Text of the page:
Last summer I got back from the beach and “pulled a Poppi.” Early in our marriage, my father-in-law would bring the same book to the family beach trip and read it. It was a diet book. He insisted that when he returned he was going to start this diet.
So after seeing that photo of me last summer during our family beach trip, I came back ready to get my life on track. And for the most part I did. I scraped and dug my heels in and got down to 207 pounds in November 2019, then plateau’d and started rebounding. Remember this chart?
It looks more like this…
If I am really going to get to my goals I need to see where I went off the rails and address it. Upon self-reflection I have two main sources of conflict that caused me to fail (because that upward slope is failure, AKA falling down the sand dune, AKA yo-yo dieting at its worst). Here is what I must address:
- Stress. When the school year starts and all its activities and shuttling and errands, I am not able to cook good food. If I get hangry while stressed and I don’t have food ready to feed my body, I will reach for whatever is convenient. There’s no amount of willpower that will overcompensate for a poor environment. I need to set myself up to succeed.
- Priorities. If I continue to prioritize my obligations to others over my obligations to myself and my health, my health will continue to suffer. I can’t skip my morning walk because I need to pack lunches. I can’t dig into cheese crackers as I pick up the kids from school because I spent my school time fulfilling client requests.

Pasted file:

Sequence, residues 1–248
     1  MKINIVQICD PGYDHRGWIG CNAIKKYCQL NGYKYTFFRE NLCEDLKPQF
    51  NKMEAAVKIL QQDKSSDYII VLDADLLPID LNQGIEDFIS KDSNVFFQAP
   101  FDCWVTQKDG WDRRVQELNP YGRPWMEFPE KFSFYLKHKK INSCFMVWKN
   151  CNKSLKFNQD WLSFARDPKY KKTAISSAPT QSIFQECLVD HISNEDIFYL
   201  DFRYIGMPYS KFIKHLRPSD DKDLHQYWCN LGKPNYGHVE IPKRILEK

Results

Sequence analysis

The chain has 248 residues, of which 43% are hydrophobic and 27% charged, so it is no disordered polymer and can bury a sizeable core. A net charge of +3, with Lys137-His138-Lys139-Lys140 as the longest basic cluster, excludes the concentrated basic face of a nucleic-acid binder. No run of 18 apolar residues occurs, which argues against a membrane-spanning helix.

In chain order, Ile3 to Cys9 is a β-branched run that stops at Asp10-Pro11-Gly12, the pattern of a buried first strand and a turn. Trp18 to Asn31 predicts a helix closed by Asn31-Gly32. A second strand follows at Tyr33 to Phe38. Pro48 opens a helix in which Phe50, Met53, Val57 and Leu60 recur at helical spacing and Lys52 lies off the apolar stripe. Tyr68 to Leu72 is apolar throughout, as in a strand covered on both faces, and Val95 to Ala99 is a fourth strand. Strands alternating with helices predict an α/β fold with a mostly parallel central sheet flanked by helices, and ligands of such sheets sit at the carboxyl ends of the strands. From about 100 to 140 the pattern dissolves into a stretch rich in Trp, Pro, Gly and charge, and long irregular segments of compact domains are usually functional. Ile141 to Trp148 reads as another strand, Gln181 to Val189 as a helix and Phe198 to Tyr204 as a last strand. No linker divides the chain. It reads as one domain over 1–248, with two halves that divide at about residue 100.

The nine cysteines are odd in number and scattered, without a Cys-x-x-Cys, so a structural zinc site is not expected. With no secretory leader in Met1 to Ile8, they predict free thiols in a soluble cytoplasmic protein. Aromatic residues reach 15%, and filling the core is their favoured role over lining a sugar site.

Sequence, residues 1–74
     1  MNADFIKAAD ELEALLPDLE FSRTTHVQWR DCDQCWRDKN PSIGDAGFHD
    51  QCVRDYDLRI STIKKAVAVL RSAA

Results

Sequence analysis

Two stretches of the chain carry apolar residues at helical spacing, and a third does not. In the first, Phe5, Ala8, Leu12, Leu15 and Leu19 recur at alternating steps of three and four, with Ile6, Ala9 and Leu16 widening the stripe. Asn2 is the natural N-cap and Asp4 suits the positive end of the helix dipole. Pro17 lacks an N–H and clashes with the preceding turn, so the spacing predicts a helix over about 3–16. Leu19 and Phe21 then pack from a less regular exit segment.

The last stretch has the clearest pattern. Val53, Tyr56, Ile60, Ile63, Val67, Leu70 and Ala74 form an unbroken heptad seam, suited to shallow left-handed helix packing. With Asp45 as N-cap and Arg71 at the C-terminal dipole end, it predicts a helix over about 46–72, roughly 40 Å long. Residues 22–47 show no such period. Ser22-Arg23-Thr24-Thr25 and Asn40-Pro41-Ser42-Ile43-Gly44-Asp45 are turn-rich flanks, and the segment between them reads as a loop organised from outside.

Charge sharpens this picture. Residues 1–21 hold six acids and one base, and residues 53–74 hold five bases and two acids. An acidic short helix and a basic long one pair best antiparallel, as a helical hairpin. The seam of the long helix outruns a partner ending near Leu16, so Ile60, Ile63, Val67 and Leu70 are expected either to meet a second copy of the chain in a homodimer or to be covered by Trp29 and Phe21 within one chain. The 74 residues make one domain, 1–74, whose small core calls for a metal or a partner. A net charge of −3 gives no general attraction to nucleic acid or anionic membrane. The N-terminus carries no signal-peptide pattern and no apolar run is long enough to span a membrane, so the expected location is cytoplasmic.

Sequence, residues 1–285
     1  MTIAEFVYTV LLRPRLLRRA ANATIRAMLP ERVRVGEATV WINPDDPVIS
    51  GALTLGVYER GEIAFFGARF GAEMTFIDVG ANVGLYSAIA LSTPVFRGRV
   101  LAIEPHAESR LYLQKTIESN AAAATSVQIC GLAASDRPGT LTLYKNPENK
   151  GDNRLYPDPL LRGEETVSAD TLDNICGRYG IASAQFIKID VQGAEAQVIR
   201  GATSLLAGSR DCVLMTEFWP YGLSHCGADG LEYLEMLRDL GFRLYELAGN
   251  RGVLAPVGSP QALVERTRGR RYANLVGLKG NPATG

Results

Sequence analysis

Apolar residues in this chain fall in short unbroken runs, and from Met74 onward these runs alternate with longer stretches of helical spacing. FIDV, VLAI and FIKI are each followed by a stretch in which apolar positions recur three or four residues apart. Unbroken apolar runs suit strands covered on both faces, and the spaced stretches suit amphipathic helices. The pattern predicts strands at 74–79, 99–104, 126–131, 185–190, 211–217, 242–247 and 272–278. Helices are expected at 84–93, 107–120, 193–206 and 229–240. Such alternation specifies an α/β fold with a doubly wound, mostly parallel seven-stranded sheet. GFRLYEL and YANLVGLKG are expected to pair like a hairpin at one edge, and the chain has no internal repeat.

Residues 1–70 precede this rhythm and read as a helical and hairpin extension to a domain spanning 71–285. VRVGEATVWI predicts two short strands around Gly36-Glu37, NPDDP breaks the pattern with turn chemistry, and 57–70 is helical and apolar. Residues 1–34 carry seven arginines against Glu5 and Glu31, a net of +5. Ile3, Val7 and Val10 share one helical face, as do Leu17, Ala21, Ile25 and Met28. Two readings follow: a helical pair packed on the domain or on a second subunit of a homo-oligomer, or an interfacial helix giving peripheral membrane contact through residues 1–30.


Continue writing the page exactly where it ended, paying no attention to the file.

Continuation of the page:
It is easy to talk a big game during the summer. Heck, I did it before. I had myself on a nice pace, then school-year life hit and knocked me right off my routine.
I’m going to attempt a new strategy. I’m going to start using my time during the summer as if it were already the school year. The biggest change means I spend Sunday in the kitchen. If I can get in the habit of meal prepping for the week, I can keep good food in my family’s bellies for the entire week. I could even get the kids involved (although TBH being in the kitchen is a way to get a breather from kid activities).
I’ll keep you posted on the kinds of prep I’ve jumped into! Coming soon!
PCOS Awareness Association
The Relationship Between PCOS and Inflammation
When Not to Treat Depression in PCOS with Antidepressants
PCOS and Depression: Understanding the Connection and Finding Relief
PCOS and Weight Gain
30 Natural Ways to Help Treat PCOS
Johns Hopkins Medicine
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